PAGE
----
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Saturday, 4 July 2020

Joan Of Arc

Derby keep their unbeaten run going with a very late equaliser in a 1-1 against local rivals Nottingham Forest. It comes so late that apparently one Forest supporter had already chucked himself in the canal in celebration.

In the evening we watch (well, I did) a film about Joan of Arc in French with subtitles with 50% of the rental price going to Broadway Cinema.

It is 1429 and the Hundred Years War between France and England for the French throne had already got over one hundred years von the clock. Believing herself to be chosen by God, Joan of Arc (Lise Leplat Prudhomme), leads the army of the King Charles VII of France.


In the aftermath of several victories including the lifting of the siege of Orléans, Joan was eager to continue her mission of killing the English but the French King was less keen. He was pretty much happy to settle for what he'd got, leaving Joan and her followers basically standing around in a sand dune talking long windily about what they'd rather do. The budget was clearly not that great.

One would perhaps have liked to see a spot of medieval warfare at this point but there is none or indeed a bit more background on the situation in England and France at the time but it is assumed you already know this. Instead the film leaps to Joan’s capture, imprisonment, and trial by the pro-English nobility on charges of heresy.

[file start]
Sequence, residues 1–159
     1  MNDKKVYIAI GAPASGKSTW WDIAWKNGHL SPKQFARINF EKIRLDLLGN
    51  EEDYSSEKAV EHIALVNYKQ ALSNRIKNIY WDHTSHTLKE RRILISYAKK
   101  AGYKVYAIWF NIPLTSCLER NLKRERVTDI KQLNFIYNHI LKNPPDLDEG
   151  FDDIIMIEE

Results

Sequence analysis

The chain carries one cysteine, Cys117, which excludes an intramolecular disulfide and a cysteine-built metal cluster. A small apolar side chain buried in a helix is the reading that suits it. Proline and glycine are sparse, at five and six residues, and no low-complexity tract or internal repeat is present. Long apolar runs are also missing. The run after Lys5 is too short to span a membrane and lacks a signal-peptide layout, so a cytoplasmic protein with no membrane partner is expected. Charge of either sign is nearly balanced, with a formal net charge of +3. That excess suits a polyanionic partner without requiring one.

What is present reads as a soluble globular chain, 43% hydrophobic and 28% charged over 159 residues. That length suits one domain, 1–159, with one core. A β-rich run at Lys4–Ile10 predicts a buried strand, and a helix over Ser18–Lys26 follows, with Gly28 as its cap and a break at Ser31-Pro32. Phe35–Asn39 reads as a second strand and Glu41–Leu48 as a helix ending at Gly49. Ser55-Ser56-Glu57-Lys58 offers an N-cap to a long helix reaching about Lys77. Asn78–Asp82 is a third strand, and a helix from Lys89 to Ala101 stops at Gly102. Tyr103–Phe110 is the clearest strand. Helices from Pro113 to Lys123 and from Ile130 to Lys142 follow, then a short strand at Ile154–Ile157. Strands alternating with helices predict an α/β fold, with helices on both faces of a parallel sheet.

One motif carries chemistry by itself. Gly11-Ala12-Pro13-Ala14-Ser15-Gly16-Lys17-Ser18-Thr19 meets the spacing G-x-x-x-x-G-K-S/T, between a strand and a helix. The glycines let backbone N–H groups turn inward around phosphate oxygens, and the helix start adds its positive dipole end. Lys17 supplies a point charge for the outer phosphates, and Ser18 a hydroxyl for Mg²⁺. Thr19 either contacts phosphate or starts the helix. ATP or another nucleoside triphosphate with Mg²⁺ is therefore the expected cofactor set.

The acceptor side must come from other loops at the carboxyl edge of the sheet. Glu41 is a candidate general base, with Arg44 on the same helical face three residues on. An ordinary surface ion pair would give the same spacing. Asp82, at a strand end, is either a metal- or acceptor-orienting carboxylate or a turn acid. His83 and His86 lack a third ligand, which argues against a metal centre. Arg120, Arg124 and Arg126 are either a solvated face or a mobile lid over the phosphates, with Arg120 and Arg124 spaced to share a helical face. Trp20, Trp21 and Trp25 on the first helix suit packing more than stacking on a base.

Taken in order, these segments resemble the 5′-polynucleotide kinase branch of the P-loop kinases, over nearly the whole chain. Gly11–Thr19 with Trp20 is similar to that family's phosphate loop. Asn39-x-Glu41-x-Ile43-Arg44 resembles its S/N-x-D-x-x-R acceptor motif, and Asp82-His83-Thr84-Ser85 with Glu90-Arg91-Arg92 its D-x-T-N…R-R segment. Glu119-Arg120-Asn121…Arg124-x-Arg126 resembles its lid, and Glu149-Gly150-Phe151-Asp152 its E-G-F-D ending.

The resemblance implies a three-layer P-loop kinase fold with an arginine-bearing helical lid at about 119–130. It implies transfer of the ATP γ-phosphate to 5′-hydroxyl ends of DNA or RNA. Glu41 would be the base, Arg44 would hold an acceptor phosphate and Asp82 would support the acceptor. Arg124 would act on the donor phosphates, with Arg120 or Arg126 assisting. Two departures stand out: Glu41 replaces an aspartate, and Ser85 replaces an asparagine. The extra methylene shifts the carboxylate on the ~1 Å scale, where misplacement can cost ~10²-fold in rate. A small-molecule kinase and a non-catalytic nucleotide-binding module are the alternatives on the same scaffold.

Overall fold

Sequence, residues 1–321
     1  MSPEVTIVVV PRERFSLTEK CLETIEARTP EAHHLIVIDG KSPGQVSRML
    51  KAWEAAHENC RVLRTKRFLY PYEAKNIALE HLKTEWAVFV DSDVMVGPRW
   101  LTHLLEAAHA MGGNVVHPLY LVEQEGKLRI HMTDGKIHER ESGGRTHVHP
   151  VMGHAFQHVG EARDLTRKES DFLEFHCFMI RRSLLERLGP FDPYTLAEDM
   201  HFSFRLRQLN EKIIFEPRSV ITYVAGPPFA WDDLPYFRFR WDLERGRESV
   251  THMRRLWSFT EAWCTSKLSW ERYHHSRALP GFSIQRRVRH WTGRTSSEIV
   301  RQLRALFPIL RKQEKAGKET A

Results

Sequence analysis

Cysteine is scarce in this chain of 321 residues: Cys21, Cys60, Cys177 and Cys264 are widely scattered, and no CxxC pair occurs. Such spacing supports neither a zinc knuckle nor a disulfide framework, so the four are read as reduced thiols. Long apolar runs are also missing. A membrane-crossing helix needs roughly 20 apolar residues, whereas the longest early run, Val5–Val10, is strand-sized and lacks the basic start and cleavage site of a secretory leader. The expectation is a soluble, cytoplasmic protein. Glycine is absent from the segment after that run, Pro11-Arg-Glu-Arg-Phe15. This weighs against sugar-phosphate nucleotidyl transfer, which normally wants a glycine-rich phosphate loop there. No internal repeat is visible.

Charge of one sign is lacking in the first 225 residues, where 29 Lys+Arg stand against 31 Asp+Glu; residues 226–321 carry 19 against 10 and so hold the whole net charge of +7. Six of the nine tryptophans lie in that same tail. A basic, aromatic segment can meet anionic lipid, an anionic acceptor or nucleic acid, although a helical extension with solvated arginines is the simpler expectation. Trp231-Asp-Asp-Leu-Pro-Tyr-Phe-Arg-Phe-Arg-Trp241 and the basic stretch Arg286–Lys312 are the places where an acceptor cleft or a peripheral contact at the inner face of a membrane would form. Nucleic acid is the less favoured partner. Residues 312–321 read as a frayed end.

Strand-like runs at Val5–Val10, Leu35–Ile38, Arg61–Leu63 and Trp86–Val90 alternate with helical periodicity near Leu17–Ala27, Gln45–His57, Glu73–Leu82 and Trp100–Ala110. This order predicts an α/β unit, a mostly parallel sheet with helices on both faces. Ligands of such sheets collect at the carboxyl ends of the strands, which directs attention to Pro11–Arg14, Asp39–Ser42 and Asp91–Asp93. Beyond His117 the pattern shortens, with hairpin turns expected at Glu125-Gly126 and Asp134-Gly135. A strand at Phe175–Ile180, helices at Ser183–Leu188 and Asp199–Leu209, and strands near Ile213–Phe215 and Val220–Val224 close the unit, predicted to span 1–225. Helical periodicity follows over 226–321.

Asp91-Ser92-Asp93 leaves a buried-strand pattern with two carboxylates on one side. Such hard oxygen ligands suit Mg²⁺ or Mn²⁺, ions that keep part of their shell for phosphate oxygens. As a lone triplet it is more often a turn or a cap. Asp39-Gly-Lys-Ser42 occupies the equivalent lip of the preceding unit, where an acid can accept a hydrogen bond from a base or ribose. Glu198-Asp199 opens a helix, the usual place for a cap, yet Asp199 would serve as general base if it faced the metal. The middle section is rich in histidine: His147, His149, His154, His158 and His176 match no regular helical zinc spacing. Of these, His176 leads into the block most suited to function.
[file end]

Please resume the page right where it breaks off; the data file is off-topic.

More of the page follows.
The scenes of her trial in Rouen are even more long winded than those in the dunes, as her accuses constantly try to force a confession out of her while she constantly refuses to deviate from her line that she is God's chosen one.

This stalemate produces an endlessly slow crawl to the conclusion that we all know is coming and it is only sort of broken up by the occasional surreal musical number and some deadpan comedy by the two guards outside Joan’s prison cell. A cell that looks like a concrete bunker left over from World War II and probably is.


The idea of the film is perhaps to highlight the preposterousness of it all, with a lead actress who looks about twelve not only leading an army but being on trial by the French state. Not too sure why it had to be done in such an alienating style though. It’s an experiment that I think I wished I hadn't been part of and perhaps invites comparisons with being burnt at the stake. Comparisons that I won’t make.

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